I was 14 when I had my first summer job. I worked in the restaurant at a local campground as basic kitchen help. I did everything from scrub potatoes to serve drinks, bus tables, and clean up at the end of the night. After I turned 16 and could drive, I always had a job, or two, or three. At least, until age 29 when my second kiddo was born and I decided that two kids was the only job I could handle. My kids are now 5 and 6. They do not earn allowances at this point, although they do have specific chores that are their responsibility. They probably will get an allowance eventually, but honestly, we try to encourage them to realize that as a member of our family, contributing to the household is a mandatory requirement. It’s not something “extra” that you get paid for, it’s about doing your part to earn your share of the things that we enjoy in our lives.
While Craig and I haven’t really discussed it, I’m more for paying out $$ for doing things that go above and beyond the standard duties of taking out the trash and keeping your room clean. I do give the kids a penny for every piece of trash they pick up on the walk home from school. I want our children to understand that earning and having money is necessary and valuable, but that it doesn’t solve all your problems or have a direct bearing on happiness.
8. Conscientious parenting vs. helicopter parenting – where is the line?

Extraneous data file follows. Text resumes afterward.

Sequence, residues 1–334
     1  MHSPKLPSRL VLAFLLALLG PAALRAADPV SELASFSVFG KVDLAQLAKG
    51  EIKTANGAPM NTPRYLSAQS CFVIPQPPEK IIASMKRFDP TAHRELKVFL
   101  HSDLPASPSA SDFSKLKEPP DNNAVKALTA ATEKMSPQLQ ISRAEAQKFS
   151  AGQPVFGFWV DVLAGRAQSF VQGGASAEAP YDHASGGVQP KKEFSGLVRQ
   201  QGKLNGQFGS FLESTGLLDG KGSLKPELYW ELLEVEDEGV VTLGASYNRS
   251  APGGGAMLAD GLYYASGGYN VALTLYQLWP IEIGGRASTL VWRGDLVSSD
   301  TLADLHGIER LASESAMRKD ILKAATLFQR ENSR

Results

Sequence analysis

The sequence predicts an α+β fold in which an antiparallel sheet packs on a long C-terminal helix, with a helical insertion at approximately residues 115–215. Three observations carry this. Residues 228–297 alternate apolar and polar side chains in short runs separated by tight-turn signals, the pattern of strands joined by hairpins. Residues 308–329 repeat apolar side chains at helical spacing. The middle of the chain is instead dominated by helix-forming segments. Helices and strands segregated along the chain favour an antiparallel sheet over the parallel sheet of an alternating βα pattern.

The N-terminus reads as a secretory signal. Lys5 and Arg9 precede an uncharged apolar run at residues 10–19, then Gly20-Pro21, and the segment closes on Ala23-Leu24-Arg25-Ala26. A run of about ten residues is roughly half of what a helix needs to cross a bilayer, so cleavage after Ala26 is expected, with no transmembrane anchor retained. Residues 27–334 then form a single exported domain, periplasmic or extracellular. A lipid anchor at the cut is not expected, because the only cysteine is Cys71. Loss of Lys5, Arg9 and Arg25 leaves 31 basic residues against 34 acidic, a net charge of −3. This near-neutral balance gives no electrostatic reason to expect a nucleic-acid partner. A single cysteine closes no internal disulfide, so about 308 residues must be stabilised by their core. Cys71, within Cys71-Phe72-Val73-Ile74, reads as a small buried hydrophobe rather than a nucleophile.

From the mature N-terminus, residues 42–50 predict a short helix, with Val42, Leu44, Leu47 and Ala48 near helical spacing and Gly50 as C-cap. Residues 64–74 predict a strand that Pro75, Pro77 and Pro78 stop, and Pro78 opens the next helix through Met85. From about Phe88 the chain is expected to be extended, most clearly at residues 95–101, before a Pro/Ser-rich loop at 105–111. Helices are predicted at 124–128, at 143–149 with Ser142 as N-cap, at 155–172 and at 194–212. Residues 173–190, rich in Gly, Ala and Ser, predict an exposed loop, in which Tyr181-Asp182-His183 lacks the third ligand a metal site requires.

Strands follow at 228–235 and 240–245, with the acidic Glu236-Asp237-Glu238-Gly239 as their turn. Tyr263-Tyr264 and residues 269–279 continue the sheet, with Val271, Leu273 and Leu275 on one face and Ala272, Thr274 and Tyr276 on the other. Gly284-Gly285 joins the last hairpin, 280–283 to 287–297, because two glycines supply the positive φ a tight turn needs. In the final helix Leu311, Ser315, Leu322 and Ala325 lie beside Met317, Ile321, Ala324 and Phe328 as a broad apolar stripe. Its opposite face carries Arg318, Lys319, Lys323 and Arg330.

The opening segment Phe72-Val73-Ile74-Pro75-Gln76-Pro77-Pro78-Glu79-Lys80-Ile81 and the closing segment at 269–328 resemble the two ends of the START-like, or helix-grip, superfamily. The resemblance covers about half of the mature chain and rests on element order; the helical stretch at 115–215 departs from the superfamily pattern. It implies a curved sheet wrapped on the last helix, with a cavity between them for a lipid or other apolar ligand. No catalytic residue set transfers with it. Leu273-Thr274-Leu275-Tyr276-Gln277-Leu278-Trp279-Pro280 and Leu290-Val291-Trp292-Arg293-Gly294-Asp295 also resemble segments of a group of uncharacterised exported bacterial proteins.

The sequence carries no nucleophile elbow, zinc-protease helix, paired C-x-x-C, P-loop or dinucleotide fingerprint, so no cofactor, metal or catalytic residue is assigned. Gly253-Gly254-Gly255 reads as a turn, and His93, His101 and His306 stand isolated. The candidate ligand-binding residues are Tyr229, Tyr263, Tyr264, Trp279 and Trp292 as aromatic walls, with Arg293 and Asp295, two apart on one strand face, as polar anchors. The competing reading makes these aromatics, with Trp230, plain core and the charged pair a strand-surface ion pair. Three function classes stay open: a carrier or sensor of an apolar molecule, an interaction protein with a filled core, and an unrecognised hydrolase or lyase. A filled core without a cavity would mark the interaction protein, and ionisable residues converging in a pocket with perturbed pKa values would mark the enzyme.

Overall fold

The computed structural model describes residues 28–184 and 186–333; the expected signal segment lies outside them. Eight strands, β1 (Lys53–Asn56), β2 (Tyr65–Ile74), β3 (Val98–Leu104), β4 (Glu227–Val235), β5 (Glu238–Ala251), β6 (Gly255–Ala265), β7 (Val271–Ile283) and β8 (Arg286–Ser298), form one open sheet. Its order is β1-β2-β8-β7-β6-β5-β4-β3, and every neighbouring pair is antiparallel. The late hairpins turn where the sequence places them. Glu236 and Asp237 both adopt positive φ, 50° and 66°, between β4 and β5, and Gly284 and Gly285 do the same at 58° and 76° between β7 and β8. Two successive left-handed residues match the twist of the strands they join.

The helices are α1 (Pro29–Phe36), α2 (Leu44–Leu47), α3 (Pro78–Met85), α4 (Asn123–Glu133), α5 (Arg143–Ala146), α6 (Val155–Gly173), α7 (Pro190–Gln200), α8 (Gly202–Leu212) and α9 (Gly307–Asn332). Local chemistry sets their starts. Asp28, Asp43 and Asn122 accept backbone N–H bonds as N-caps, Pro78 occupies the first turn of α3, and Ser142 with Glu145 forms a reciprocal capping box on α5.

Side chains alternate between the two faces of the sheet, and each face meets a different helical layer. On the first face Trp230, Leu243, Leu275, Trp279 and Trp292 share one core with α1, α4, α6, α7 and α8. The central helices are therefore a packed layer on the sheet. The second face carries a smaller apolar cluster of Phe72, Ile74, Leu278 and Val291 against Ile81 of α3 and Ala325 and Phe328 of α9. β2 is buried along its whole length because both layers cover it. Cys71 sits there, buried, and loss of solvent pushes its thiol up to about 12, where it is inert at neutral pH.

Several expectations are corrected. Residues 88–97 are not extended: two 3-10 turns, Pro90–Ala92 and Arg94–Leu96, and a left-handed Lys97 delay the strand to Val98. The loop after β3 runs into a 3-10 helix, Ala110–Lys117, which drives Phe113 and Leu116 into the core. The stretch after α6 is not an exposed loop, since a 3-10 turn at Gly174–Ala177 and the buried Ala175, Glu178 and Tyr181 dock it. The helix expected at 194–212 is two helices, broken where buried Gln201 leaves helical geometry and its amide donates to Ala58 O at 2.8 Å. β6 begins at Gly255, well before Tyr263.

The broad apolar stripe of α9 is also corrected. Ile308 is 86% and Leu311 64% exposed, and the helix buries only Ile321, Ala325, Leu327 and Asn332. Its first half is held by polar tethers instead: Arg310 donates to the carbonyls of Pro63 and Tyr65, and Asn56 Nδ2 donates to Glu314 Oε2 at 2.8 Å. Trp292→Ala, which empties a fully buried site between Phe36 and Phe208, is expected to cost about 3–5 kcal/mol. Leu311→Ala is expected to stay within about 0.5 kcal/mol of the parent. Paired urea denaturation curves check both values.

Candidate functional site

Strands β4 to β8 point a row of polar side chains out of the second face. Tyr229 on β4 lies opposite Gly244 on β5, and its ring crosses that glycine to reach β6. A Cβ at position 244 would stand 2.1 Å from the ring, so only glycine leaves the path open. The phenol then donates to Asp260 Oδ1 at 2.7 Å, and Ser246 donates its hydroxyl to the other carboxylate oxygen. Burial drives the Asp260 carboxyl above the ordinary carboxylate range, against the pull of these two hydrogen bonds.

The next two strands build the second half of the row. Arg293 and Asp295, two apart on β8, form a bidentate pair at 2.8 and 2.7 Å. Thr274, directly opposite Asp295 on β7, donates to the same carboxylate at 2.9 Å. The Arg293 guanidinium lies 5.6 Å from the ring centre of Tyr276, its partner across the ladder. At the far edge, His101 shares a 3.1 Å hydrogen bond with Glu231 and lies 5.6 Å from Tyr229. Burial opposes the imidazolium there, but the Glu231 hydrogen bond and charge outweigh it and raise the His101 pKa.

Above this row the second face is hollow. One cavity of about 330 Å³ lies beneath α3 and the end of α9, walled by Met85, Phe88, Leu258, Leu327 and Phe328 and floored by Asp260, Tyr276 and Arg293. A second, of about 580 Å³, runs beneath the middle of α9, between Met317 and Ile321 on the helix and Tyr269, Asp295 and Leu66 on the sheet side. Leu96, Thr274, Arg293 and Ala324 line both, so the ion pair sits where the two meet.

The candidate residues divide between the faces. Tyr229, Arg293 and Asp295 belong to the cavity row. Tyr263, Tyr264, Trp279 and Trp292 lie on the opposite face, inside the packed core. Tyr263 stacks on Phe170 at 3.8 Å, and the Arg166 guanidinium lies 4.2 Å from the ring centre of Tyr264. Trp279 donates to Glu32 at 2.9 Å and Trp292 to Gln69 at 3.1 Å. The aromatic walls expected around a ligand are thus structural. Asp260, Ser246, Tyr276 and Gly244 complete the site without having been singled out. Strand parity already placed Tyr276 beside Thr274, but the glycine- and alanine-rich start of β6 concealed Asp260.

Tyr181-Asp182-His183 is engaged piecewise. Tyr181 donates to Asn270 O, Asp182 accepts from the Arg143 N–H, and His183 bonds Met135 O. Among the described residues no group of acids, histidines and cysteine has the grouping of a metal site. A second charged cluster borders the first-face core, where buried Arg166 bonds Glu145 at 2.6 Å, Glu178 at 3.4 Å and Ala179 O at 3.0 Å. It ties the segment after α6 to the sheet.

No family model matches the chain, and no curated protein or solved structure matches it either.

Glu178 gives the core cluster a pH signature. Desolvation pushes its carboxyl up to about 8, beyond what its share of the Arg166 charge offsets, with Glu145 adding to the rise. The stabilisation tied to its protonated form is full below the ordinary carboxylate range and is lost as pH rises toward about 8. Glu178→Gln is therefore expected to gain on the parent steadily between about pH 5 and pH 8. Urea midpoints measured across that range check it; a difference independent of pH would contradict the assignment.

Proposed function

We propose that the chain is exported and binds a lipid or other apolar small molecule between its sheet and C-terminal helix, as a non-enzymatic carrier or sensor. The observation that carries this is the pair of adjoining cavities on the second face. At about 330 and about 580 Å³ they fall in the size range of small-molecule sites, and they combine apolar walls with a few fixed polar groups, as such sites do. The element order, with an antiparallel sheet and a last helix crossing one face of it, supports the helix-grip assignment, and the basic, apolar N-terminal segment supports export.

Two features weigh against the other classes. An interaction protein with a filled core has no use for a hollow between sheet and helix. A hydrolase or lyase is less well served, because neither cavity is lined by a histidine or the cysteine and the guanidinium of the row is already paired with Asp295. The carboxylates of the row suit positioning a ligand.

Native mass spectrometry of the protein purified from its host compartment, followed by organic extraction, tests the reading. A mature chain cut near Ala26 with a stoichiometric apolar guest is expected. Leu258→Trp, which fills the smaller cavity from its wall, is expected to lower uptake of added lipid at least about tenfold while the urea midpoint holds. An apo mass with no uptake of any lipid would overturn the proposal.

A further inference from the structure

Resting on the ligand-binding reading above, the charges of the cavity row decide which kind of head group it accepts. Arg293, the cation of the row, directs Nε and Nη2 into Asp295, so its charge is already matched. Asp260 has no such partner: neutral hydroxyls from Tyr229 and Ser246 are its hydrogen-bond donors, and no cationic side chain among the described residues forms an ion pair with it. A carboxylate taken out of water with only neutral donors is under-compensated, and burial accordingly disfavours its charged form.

I think the line is different for everyone, depending on the parent’s own experience and upbringing and the type of kid they are dealing with. If having two kids has taught me anything, it is that there is no one universal parenting style that works for every tot. My own perception of my parenting style is that I am less helicopter and more “Free-Range” with my kids. But, perhaps there’s someone else out there who would cast me into the helicopter crowd without thinking twice. My best hope is that when we do go over the line, it comes up and smacks us in the face quickly. I see (what I consider to be) bad parenting habits manifesting in little people all the time, and I wonder about how much easier that entire family’s life would be if they were to make some adjustments. I also constantly find myself questioning what adjustments I could make in my parenting practices to curb my own offspring’s bad behavior.
9. Things you have learned that help keep a marriage going strong
Hooray, I did write on this topic for you! My post on Love and Marriage.
It’s interesting to read that post now, a year and a half later. I am currently listening to the audio book of The Secret Lives of Wives by Iris Krasnow. It is a collection of interviews that she has done with wives who have been married for 30 years or more. To me, it feels like sitting in a circle of older women who are sharing their marriage experience as friends. It is reassuring to be able to identify with different components of almost every woman’s story, and to garner all this incredible advice on how to make marriage last through the decades. Many of the main themes of the book are the points I touched on in my post, which makes me feel like I’m on the right track. I’d also recommend Surrendering to Motherhood by the same author.
Thank you, Lucy, for being an honest and genuine friend, for reading my blog, and for always giving me important things to think about. I guess I need a new list now. ~Fawn